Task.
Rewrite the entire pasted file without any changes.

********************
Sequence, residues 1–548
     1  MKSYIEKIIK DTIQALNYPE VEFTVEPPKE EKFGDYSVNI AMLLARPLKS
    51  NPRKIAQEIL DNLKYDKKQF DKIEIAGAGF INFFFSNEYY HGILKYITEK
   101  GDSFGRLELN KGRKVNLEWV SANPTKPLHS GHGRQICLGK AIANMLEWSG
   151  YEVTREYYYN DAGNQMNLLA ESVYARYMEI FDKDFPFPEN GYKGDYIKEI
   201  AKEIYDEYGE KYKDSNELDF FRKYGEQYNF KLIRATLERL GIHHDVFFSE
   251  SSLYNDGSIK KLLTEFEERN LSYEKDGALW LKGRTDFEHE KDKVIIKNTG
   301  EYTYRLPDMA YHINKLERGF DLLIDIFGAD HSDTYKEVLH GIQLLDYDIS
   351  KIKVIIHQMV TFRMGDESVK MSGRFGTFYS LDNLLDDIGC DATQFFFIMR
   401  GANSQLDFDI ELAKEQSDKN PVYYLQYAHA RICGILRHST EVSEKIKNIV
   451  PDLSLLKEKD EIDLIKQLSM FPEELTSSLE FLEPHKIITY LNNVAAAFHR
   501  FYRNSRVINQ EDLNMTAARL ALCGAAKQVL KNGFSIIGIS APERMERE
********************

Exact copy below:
Sequence, residues 1–548
     1  MKSYIEKIIK DTIQALNYPE VEFTVEPPKE EKFGDYSVNI AMLLARPLKS
    51  NPRKIAQEIL DNLKYDKKQF DKIEIAGAGF INFFFSNEYY HGILKYITEK
   101  GDSFGRLELN KGRKVNLEWV SANPTKPLHS GHGRQICLGK AIANMLEWSG
   151  YEVTREYYYN DAGNQMNLLA ESVYARYMEI FDKDFPFPEN GYKGDYIKEI
   201  AKEIYDEYGE KYKDSNELDF FRKYGEQYNF KLIRATLERL GIHHDVFFSE
   251  SSLYNDGSIK KLLTEFEERN LSYEKDGALW LKGRTDFEHE KDKVIIKNTG
   301  EYTYRLPDMA YHINKLERGF DLLIDIFGAD HSDTYKEVLH GIQLLDYDIS
   351  KIKVIIHQMV TFRMGDESVK MSGRFGTFYS LDNLLDDIGC DATQFFFIMR
   401  GANSQLDFDI ELAKEQSDKN PVYYLQYAHA RICGILRHST EVSEKIKNIV
   451  PDLSLLKEKD EIDLIKQLSM FPEELTSSLE FLEPHKIITY LNNVAAAFHR
   501  FYRNSRVINQ EDLNMTAARL ALCGAAKQVL KNGFSIIGIS APERMERE